Bloomington is going to be quite a site on Thursday.

For one day, Indiana’s campus is going to be a haven for football fanatics. The typical draws to Bloomington – limestone buildings, Sample Gates, even hallowed Assembly Hall – all take a back seat this week. The wheels on College GameDay’s tour bus will be parked on campus and the most famous pre-game show will set up shop inside the walls of Memorial Stadium for No. 2 Ohio State vs. Indiana.

The game will be MegaCast by ESPN, airing with seven different presentation options. Reece Davis, Kirk Herbstreit and Desmond Howard will be in town. Lee Corso is coming home.

Thursday is all about Hoosier football.

One man made it possible. Ironically, it’s a guy who will be one the other sideline.

Kevin Wilson spent six years at Indiana, trying to bring relevance to a program that was the laughingstock of college football. He inherited a team that was in shambles and won just one game during the 2011 season, his first as head coach. Over the course of his stay, he steadily built IU into a competitive B1G program.

By the time Wilson left at the end of last season, the Hoosiers knocked off ranked opponents Missouri (2014) and Michigan State (2016) and notched four straight wins over rival Purdue for the first time since the 1940s. Indiana appeared in consecutive bowl games (2015, 2016), a first in two-and-a-half decades.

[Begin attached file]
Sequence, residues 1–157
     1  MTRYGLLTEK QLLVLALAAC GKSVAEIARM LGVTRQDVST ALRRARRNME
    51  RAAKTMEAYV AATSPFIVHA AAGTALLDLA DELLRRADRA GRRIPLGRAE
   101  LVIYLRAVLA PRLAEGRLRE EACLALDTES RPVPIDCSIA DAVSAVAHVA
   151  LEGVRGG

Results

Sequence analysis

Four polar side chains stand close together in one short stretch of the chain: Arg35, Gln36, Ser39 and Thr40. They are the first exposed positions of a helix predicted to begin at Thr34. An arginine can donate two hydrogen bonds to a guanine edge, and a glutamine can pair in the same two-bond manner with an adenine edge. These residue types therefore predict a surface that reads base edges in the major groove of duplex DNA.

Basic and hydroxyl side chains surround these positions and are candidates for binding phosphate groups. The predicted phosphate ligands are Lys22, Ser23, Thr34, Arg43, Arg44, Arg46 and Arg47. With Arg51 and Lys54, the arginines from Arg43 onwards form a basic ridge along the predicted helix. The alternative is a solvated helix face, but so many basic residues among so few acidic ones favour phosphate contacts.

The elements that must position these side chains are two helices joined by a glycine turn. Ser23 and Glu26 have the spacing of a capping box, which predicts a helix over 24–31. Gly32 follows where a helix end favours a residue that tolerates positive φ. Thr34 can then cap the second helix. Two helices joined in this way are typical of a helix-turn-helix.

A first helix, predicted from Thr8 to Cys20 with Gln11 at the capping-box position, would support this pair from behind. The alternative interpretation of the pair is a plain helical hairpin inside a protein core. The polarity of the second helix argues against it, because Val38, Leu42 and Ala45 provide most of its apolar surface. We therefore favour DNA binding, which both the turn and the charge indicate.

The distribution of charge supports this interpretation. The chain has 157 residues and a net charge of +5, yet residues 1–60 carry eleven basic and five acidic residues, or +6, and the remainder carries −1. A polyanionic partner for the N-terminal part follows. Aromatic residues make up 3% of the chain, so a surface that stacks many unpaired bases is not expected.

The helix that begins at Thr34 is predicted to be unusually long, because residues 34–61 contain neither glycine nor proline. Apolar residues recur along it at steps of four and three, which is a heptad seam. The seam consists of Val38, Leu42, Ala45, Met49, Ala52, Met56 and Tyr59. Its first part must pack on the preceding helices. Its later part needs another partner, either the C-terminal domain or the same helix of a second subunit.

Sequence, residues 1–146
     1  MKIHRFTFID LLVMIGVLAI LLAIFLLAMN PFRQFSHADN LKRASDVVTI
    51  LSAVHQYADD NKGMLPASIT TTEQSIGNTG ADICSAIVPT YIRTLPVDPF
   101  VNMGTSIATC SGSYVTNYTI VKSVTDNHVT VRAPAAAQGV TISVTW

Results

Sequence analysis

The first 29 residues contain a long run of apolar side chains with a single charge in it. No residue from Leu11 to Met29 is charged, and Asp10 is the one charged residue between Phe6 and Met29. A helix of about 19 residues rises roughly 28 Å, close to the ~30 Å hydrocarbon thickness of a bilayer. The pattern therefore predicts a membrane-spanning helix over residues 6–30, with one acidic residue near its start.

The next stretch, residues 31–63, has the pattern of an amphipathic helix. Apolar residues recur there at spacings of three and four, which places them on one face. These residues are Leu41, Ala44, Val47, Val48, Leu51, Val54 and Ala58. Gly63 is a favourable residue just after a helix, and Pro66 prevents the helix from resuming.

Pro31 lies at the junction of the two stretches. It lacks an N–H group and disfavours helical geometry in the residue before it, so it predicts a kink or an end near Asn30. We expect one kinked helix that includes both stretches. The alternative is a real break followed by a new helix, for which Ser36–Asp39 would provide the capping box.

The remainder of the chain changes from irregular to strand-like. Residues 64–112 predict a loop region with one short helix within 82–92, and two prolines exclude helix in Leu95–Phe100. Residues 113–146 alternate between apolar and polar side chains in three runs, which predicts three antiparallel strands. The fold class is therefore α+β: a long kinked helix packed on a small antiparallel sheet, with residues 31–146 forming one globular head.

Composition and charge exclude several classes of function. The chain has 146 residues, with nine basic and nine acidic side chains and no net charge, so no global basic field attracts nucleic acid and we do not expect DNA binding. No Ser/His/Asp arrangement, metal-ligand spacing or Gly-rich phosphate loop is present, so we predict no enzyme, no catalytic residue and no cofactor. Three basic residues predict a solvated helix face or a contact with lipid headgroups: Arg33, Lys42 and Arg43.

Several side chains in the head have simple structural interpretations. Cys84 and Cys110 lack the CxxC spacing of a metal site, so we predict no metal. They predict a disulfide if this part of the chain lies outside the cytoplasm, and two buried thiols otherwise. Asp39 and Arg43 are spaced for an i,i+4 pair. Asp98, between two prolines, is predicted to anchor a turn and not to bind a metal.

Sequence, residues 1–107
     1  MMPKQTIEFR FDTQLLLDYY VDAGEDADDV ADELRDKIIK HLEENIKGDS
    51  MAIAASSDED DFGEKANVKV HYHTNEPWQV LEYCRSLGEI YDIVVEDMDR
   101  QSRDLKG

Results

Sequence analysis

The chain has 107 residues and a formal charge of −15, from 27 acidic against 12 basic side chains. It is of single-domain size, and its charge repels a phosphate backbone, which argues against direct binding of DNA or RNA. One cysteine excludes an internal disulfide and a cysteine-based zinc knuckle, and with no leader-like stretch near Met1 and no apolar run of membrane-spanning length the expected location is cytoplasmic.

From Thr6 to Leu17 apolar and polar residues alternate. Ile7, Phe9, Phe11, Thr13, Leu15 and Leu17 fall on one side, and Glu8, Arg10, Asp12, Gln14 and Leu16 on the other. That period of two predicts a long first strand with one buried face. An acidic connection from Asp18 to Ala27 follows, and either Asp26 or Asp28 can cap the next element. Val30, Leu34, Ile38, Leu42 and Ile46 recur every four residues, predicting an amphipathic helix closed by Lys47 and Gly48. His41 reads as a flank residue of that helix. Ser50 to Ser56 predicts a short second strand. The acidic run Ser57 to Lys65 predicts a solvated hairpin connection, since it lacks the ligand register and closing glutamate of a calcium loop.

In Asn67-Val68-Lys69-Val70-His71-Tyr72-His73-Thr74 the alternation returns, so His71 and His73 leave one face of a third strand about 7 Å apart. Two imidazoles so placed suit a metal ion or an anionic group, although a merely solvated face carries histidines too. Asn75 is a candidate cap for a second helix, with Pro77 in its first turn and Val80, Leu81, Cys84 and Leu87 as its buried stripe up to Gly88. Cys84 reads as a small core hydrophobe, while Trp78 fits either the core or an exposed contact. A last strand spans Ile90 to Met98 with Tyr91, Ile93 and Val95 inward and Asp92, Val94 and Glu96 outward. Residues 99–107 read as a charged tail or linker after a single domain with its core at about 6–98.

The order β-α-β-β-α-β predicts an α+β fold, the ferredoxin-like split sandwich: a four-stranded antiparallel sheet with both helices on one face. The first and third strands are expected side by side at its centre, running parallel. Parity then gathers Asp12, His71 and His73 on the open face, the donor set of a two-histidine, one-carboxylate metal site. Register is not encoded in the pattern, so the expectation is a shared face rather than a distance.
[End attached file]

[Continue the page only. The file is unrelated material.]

At Indiana, that’s as close as it gets to football nirvana.

Every now and then, the idea of GameDay making the haul to Bloomington would surface, but Wilson never paid much attention to the noise. “First of all, if you’re gonna be on GameDay, you need to fill up your stadium,” he would say.

Memorial Stadium is sold out for Thursday’s season opening clash between the Hoosiers and Buckeyes. Tickets range from $60 to $250 on secondary markets. There’s a general excitement and energy swarming around Indiana football.

Wilson built this.

Tom Allen helped. After all, had the Indiana native not arrived prior to last year and completely transformed the Hoosiers’ defense, last season probably wouldn’t have resulted in a second straight bowl berth. He added fuel to the fire when he tabbed the Week 1 game against Ohio State as “the biggest home opener in the history of Indiana football.”

But Wilson was the mastermind behind one of the most powerful offenses in the B1G, and found some form of consistency that allowed Indiana to gradually climb out of the cellar. It was Wilson that made football relevant in a basketball town.

Indiana might be Allen’s team now, but this is Wilson’s accomplishment.

Thursday will be the most significant day in IU’s football history since the team reached the Rose Bowl in 1967. Though he’ll be sporting scarlet and gray rather than cream and crimson, it’s fitting that Wilson will still experience this moment.

He wanted to build a competitive B1G program. he wanted to sell out Memorial Stadium and, whether he verbalized it or not, wanted to have a legitimate reason to bring College GameDay to Bloomington.

All of it is a reality now. Without Wilson, none of this would be possible. When he steps off the bus back onto the Hoosiers’ turf, he’ll be able to look around and appreciate what he built at Indiana.

Even if he is on the other sideline.